Since that time we’ve had a series of cases and when we look at the situation before the law came in, and since, you could say that the law has acted to do exactly what Tim is saying we need, which is providing the argument against those – the people who will otherwise not listen to reason, and I don’t agree that you can automatically say that it’s self-evident that somebody like a Holocaust denier is bad. It took the court case to go through to identify what was wrong with the argument and it was because of the judgment that this was seen to be something abhorrent.
TICKY FULLERTON: So Tim Wilson it seems to me that really what this debate is about is at what point free speech becomes hate speech. Only a few months ago in Bondi we had racial attacks on Jewish people. At what point do you think free speech becomes hate speech?
TIM WILSON: Well, I think the issue at hand isn’t where it becomes free speech and hate speech. Hate speech in itself is connecting a crime to its thought and in itself that is a violation of people’s rights.
The line of the law should be around incitement to violence not around when somebody says something and you don’t like their tone or you don’t like their attitude or anything else. Now that doesn’t mean that somehow that means carte blanche and almost a licence for racial vilification or hatred.
We’re forgetting one very important part of the discussion. Which is that rights come with responsibilities. And it’s a responsibility, one of every Australian to challenge these sorts of ideas but that actually you need to have that gap between the law and social convention so that people can exercise those responsibilities so we can drive a more culturally accepting and diverse community and to challenge the sorts of ideas and racism, exactly as Jeremy just outlined but I have to pick up the last point which is I just find it absurd to think that people didn’t think that Holocaust denial was unacceptable until the Racial Discrimination Act and 18C came into place I it’s been an absurd proposition since the day it was forward.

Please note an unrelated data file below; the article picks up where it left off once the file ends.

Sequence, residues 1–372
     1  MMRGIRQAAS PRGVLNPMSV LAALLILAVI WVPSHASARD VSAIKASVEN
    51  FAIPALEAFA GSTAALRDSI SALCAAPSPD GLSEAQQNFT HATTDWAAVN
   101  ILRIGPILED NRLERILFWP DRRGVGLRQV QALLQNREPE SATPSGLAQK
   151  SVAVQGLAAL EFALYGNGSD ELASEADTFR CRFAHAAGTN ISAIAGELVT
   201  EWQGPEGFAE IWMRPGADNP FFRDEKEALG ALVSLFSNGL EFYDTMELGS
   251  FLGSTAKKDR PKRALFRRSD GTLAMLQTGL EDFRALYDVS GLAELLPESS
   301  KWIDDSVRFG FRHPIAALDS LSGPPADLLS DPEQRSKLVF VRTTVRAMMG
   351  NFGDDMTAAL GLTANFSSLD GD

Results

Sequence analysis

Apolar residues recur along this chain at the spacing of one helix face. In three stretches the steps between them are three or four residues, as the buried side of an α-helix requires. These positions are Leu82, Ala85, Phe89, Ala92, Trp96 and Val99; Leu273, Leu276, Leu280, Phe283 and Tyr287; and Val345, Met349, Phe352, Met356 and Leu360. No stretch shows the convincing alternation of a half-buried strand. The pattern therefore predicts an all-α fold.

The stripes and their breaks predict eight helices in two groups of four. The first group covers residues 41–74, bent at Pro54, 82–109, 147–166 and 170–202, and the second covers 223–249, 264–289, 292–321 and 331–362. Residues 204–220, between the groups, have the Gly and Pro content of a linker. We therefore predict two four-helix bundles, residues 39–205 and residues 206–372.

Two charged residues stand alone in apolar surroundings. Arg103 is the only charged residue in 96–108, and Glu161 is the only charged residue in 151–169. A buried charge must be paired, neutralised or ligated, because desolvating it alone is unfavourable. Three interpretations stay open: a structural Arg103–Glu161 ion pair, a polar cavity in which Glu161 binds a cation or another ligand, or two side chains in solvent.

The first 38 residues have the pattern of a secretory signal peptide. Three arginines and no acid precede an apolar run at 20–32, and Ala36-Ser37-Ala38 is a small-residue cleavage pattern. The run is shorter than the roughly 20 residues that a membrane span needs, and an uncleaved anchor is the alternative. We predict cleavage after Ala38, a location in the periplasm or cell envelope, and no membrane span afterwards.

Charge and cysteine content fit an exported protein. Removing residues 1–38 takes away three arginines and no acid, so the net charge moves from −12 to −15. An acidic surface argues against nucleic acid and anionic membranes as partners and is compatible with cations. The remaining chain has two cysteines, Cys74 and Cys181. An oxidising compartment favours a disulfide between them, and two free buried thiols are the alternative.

TICKY FULLERTON: But it was affected on wasn’t it?
TIM WILSON: Affected on, you mean legislated? In a legal sense, yes it was. But it’s not as though everybody was saying this is good idea, these people are crazy and people know these people are crazy and they’re quite capable of making judgements that way.
JEREMY JONES: I didn’t see any evidence to back that proposition in any area where the law’s been applied. If we look at some of the cases at the real cases that have happened under real law because we’ve only really heard objection of one case.
One case has been identified as the problem. There’ve been 1600 or so complaints which have gone before the commission. Many of them have been conciliated many of them have not succeeded because it’s a reasonably high standard of proof for somebody to be able to carry through. Some others have gone to court.
We look at a case, I want to say for an example, there was a situation where there was a person who was putting out hateful material in the forms of leaflets, cassettes and videos and booklets for quite a while. People would try to stop here.
She would go to a garage sale – a car boot sale, sell material and people would say you can’t do this here because you’re objectionable. She would say I have my right to do it. You have to allow me to do it or I will take the law against you because you’re restraining my trade, stopping me doing something fair and reasonable. It was only when there was law she was able to be stopped.
I’ve spoken to individuals who were in the situation where they say they’re a professional in this case a real case, it was a dentist. He said his nurse has seen this material. His customers are seeing material which is presenting a template that every evil in the world is attributable to the group to which he belongs. He doesn’t know what people are thinking about him. He knows that nobody is doing anything to stop it and there didn’t seem to be a way to stop it until we had a law that allowed it to be stopped.
TICKY FULLERTON: Let me bring in at this point Andrew Bolt. Because this 18C is now really known as Bolt’s Law after the case of the columnist. Tim Wilson, what were your concerns about that judgment?
TIM WILSON: My concerns were the way it was applied and ultimately that goes back to the way it was written. Where what we had was an assessment where Mr Bolt was found to have been in breach of the Act because based on the standards of the individual in the community that was the reference of his article, it was deemed he had achieved, insult, offence, humiliate and intimidate around a legitimate area of public policy debate. Now, Mr Bolt made a number of errors. He also – the judge read into it an issue around tone. These things are very bad judges about whether people can limit free expression.
TICKY FULLERTON: Well that is why this has boiled down to now an argument between whether this was about freedom of opinion or about freedom to spread untruths. What’s your view?